Charlotte Personal Injury Attorney Matt Arnold answers the question: “What if a loved one dies from the injuries sustained in a serious accident while the case is pending?”
Everyone has heard stories about how dangerous trampolines can be. You may know a relative or a friend or have a child who has experienced landing on one at the wrong moment and been shot off in the wrong direction. If you’re lucky, these kinds of incidents can end without harm, other times broken bones or fractures result and, in the worst cases, serious spinal or neurological damage can occur. A recent court case in New York demonstrates not only the harm that trampolines can cause, but also the importance of having good homeowner’s insurance if you happen to have a trampoline in your yard.
The case involves a woman from Saratoga County, NY filing suit against her brother after suffering a serious trampoline injury while visiting his house. According to the lawsuit, the woman was jumping on the trampoline with her 9-year-old nephew. The two then double-bounced, a dangerous occurrence that usually results in one of the two people flying off in an unanticipated direction. The incident resulted in serious fractures to her foot, necessitating four surgeries, including two fusions, to repair the damage.
After going through the costly and debilitating surgeries, the woman filed suit against her brother, claiming that the injury occurred due to his lack of supervision. Her personal injury claim argued that had the brother not been negligent, she woudn’t have fractured her foot. A jury ultimately came down on the sister’s side and awarded her a whopping $800,000 in damages. The woman had originally requested $1 million, arguing that her surgeries and 12 weeks off her feet deserved significant compensation. The $800,000 will be used to repay her medical bills and compensate her for the pain she suffered as a result of the injury.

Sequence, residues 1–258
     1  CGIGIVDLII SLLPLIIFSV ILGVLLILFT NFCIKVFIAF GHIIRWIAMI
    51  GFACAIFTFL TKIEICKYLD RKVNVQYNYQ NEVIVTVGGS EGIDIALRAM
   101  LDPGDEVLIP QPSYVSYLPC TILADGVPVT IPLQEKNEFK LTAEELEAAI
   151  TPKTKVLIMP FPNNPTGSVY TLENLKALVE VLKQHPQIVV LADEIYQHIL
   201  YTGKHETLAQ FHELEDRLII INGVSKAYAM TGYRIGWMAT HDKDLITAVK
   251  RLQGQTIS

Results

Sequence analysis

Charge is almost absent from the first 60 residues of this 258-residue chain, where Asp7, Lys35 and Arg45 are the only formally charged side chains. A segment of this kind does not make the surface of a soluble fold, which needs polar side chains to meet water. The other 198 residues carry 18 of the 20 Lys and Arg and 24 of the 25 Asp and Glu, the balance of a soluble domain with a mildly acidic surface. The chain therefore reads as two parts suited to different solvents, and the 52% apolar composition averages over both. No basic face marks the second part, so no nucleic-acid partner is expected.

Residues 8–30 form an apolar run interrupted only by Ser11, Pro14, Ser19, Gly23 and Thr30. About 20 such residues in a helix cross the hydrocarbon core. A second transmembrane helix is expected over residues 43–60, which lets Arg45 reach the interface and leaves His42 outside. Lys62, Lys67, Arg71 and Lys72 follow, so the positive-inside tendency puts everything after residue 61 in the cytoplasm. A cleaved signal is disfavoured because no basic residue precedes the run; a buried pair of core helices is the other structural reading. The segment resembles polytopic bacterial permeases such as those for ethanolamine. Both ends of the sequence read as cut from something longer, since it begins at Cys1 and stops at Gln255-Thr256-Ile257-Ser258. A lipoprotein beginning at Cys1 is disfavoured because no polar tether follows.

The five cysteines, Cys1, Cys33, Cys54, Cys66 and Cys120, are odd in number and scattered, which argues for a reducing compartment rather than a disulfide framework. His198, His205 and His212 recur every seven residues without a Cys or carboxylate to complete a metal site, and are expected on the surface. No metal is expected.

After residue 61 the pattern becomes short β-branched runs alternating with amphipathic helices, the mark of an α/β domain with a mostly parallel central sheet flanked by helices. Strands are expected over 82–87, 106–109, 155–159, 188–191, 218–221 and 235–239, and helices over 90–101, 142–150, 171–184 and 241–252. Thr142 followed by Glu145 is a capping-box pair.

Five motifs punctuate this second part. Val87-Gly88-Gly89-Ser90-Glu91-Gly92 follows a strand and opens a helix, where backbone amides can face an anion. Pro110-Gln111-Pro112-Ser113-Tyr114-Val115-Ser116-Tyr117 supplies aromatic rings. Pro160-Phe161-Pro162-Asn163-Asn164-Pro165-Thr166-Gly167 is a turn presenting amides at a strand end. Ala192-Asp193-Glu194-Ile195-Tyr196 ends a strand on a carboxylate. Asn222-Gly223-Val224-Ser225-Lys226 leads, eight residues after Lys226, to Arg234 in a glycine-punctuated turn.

Given that the number is so large, you may be wondering what will happen to the woman’s brother. Never fear, the man has homeowner’s insurance, a policy that apparently covers harm caused by trampolines. Though this bit of information was never presented to the jurors, experts say that his liability insurance will likely pay all legal bills associated with the case as well as the verdict.
Those familiar with personal injury claims related to trampolines understand just how important it is that anyone who has a trampoline on their property get good liability coverage capable of covering injury claims. Trampoline injuries are astoundingly common; according to the U.S. Consumer Product Safety Commission emergency rooms around the country treat more than 83,000 people in a given year due to trampoline-related injuries. More than other types of injuries, those involving trampolines have a real risk of being severe. Approximately one in every 200 accidents leads to permanent neurological damage.
Given these dangers, it’s essential you ensure your homeowner’s insurance covers your trampoline. Some carriers refuse to cover trampolines at all. Others will cover trampolines without asking for any further action on your part. Many carriers fall somewhere in between, allowing coverage, but requiring you to take certain steps to make the trampolines as safe as possible. These steps include things like adding netting to prevent people from falling to the ground and installing pads around the edge of the trampoline. Make sure if you buy a trampoline after purchasing your homeowner’s insurance you call and let your agent know. The last thing you want is for the carrier to deny coverage, leaving you alone holding the bag in the event something like what happened in the above case occurs.
If you or someone close to you has been injured, contact an experienced personal injury attorney today who can help you receive the compensation to which you may be entitled. Contact Arnold & Smith, PLLC for a free consultation, call at 704-370-2828 or click here for additional resources.
About the Author
Mr. Arnold was raised in Charlotte, where he graduated from Providence Senior High School. He attended Belmont Abbey College, where he graduated cum laude, before attending law school at the University of North Carolina at Chapel Hill on a full academic scholarship.
A board-certified specialist in the practice of Family Law, Mr. Arnold is admitted to practice in all state courts in North Carolina, in the United States Federal Court for the Western District of North Carolina, in the North Carolina Court of Appeals and Supreme Court, and in the Fourth Circuit United States Court of Appeals in Richmond, Virginia.
In his free time, Mr. Arnold enjoys golfing and spending time with his wife and three children.
See Our Related Video from our YouTube channel:
See Our Related Blog Posts: